Resource Description Framework (RDF) [2] is a well-established format for publishing linked data on the Web, where triples of the form allow to represent an edge-labeled graph. While originally RDF was introduced schema-free to promote its adoption and wide-spread use, the use of RDF for storing and exchanging data among web applications has prompted the development of schema languages for RDF [17, 19, 3]. One such schema language, under continuous development, is Shape Expressions Schemas (ShEx) [20, 8], which allows to define structural constraints on nodes and their immediate neighborhoods in a declarative fashion.

In the present paper, we study the problem of data exchange where the source is a relational database and the target is an RDF graph constrained with a ShEx schema. Although an RDF graph can be seen as a relational database with a single ternary relation , RDF graphs require using Internationalized Resource Identifiers (IRIs) as global identifiers for entities. Consequently, the framework for data exchange for relational databases cannot be directly applied as is and we adapt it with the help of IRI constructors, functions that assign IRIs to identifiers from a relational database instance. Their precise implementation is out of the scope of this paper and belongs to the vast domain of entity matching [14].

Example 1

Consider the relational database of bug reports in Figure 1, where the relation Bug stores a list of bugs with their description and ID of the user who reported the bug, the name of each user is stored in the relation User and her email in the relation Email. Additionally, the relation Rel identifies related bug reports for any bug report.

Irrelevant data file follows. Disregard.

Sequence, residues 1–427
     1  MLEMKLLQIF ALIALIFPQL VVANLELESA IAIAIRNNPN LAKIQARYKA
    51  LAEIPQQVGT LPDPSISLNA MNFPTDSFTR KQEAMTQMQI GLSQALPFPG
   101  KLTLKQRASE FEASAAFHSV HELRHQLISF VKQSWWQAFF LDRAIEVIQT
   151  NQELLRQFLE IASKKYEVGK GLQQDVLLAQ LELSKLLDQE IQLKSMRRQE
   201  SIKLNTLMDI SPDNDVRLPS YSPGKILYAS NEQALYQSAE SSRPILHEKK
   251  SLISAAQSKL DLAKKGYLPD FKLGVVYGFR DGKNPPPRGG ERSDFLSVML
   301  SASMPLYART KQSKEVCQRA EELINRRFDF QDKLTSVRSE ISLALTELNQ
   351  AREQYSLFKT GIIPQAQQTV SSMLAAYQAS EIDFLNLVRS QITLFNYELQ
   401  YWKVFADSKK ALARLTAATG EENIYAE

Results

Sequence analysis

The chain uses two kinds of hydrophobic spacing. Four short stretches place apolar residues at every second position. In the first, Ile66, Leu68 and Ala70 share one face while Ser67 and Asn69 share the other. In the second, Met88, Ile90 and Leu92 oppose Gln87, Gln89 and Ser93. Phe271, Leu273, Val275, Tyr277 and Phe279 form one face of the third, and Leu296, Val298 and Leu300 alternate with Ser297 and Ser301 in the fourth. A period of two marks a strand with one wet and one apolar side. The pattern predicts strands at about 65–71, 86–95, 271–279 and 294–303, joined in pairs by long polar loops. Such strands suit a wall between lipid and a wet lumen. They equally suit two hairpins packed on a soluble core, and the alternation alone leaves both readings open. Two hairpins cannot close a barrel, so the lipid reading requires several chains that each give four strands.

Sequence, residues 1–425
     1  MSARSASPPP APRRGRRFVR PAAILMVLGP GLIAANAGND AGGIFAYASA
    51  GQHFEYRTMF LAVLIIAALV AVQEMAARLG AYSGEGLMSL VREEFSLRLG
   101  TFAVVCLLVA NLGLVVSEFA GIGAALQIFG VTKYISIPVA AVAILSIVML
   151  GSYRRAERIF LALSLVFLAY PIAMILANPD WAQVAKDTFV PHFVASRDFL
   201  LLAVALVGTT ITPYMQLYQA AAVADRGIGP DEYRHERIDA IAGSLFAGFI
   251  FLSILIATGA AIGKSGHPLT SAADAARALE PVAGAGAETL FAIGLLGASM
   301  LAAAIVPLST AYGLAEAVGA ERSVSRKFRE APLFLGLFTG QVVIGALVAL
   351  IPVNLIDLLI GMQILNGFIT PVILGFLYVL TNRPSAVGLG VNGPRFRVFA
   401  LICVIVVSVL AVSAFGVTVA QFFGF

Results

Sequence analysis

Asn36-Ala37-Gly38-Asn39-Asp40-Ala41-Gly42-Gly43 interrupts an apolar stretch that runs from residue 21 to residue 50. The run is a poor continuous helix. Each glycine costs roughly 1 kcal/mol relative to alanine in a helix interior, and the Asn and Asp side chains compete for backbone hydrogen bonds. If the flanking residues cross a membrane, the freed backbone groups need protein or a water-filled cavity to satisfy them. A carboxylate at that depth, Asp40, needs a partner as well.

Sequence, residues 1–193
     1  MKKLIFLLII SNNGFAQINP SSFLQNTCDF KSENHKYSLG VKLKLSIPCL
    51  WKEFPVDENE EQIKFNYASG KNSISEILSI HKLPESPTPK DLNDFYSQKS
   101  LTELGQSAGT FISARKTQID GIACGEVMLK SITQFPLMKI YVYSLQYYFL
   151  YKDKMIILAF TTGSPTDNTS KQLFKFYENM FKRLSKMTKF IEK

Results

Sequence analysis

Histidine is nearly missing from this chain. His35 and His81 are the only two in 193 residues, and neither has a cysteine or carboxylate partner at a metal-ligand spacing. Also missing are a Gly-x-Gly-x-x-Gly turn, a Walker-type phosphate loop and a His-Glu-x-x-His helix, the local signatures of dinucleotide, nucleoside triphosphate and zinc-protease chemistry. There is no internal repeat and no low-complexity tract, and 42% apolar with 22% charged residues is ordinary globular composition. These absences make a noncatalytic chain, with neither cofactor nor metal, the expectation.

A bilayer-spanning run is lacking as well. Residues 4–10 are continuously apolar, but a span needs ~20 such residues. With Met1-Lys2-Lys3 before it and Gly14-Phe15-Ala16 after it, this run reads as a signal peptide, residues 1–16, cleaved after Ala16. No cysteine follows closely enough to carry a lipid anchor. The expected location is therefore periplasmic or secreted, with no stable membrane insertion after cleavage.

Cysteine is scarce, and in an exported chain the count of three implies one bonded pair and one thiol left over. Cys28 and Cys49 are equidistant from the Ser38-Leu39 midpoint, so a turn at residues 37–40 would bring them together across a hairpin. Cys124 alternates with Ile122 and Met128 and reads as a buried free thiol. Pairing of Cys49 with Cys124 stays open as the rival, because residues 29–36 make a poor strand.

Bug bid descr uid
1 Boom! 1
2 Kaboom! 2
3 Kabang! 1
4 Bang! 3
User uid name
1 Jose
2 Edith
3 Steve89
Email uid email
1 j@ex.com
2 e@o.fr
Rel bid rid
1 3
1 4
2 4
Figure 1: Relational database (source)

Now, suppose that we wish to share the above data with a partner that has an already existing infrastructure for consuming bug reports in the form of RDF whose structure is described with the following ShEx schema (where is some default prefix):

The above schema defines two types of (non-literal) nodes: for describing bugs and for describing users. Every bug has a description, a user who reported it, and a number of related bugs. Every user has a name, an email, and an optional phone number. The reserved symbol indicates that the corresponding value is a literal.

The mapping of the contents of the relational database to RDF is defined with the following logical rules (the free variables are implicitly universally quantified).